This is prompting concern over a possible jump in failed businesses once support measures are removed, with hospitality, arts and recreation and retail among the higher risk industries.”
A compassionate approach to collections needed
“The expected increase in customers entering financial difficulty as temporary pandemic support measures come to an end will create a significant challenge for the Australian banking sector in the near term.
Large numbers of customers are likely to need customised payment strategies and solutions, and this is forcing banks to rethink their collections model and scale their capabilities,” Mr Dring said.
“Banks will need to replace their traditional transactions-based approach to collections with a more customer-focused model, to create a better and more personalised experience for vulnerable consumers.”
“To make this work, banks will need to take a much more nuanced approach to measuring and monitoring credit risk. Predictive and high-frequency analytics will be essential to understanding individual customer’s probability of default.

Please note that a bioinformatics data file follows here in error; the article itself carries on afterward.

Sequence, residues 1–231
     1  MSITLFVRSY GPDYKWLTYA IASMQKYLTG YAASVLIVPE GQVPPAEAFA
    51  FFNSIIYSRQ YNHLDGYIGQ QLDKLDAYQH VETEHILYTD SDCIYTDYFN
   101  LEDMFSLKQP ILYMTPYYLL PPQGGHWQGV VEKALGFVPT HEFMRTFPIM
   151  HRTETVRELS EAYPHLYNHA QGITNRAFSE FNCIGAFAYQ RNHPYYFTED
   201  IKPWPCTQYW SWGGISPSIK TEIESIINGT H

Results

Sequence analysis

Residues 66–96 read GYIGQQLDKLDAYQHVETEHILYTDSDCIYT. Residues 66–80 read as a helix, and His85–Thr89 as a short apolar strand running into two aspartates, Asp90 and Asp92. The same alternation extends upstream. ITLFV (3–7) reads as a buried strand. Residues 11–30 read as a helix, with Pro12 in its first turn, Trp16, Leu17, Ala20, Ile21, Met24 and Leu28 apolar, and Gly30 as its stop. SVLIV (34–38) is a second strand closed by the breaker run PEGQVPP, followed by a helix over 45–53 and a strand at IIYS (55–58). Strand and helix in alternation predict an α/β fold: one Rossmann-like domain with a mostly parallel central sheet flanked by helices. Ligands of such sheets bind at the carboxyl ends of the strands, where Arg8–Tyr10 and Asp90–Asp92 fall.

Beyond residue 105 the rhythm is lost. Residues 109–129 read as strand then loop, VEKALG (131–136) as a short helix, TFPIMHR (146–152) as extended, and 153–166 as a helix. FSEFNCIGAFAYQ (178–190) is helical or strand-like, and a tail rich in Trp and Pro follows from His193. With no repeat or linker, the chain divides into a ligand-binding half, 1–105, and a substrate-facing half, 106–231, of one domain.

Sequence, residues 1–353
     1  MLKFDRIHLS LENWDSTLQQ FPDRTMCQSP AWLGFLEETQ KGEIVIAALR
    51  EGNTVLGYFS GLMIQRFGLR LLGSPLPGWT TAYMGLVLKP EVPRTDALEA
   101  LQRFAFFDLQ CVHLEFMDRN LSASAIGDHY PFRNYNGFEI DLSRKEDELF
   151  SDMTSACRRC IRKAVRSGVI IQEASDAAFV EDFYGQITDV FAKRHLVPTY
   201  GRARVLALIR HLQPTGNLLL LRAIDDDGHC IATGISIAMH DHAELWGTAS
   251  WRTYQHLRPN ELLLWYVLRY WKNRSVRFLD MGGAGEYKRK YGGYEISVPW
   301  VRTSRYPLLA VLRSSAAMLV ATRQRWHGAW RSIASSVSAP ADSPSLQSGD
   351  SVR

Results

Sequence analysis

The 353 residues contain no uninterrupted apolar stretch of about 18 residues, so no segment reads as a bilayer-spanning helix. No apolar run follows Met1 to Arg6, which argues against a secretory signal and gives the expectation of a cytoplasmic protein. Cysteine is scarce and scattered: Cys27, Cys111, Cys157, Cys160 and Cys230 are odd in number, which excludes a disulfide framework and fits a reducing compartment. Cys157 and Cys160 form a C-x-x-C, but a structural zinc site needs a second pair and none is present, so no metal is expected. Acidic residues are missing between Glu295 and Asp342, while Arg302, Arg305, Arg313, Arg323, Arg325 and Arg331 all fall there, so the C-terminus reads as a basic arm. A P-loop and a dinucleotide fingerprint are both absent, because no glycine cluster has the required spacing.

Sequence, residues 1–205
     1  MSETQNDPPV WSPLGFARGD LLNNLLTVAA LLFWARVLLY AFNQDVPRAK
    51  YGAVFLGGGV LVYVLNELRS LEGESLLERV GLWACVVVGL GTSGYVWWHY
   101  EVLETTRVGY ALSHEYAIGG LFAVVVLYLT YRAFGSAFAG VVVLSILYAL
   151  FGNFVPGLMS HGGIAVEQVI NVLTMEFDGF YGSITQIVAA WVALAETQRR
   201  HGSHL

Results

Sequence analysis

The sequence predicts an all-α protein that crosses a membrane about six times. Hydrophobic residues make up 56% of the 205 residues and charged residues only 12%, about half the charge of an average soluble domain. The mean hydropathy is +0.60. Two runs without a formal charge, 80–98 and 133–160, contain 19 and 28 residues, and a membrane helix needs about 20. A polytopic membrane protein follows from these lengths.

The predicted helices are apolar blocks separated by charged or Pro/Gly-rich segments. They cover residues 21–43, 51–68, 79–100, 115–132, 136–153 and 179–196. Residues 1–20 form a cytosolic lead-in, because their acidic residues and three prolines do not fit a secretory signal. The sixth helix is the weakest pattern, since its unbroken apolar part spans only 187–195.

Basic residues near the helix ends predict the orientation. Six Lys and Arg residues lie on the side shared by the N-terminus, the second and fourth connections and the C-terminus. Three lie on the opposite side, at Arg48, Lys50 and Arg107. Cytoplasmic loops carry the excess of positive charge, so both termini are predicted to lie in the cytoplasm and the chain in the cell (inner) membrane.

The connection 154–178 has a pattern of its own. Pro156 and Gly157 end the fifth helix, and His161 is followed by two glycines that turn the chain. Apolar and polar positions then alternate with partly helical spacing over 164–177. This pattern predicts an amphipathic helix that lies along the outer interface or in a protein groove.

In this way, banks can incentivise at risk customers to proactively reach out to them for a more tailored and effective service – at the same time building loyalty and improving recovery return rates.”
The way forward – rebuilding profitability
“The Australian banking sector remains resilient, but risks are clearly elevated in this challenging operating environment, brought about by the pandemic.
The economic downturn, dampened credit demand and significant asset quality risks are all weighing on the banks’ future revenues, profits and returns.”
“However, as we transition into the recovery phase, banks can still position themselves for future growth.
To help rebuild profitability in the wake of the COVID-19 crisis, we expect to see banks focused on improving their digital capabilities and developing more agile operating models that will enable them to deliver a better customer experience and create capacity to invest in further transformation,” Mr Dring said.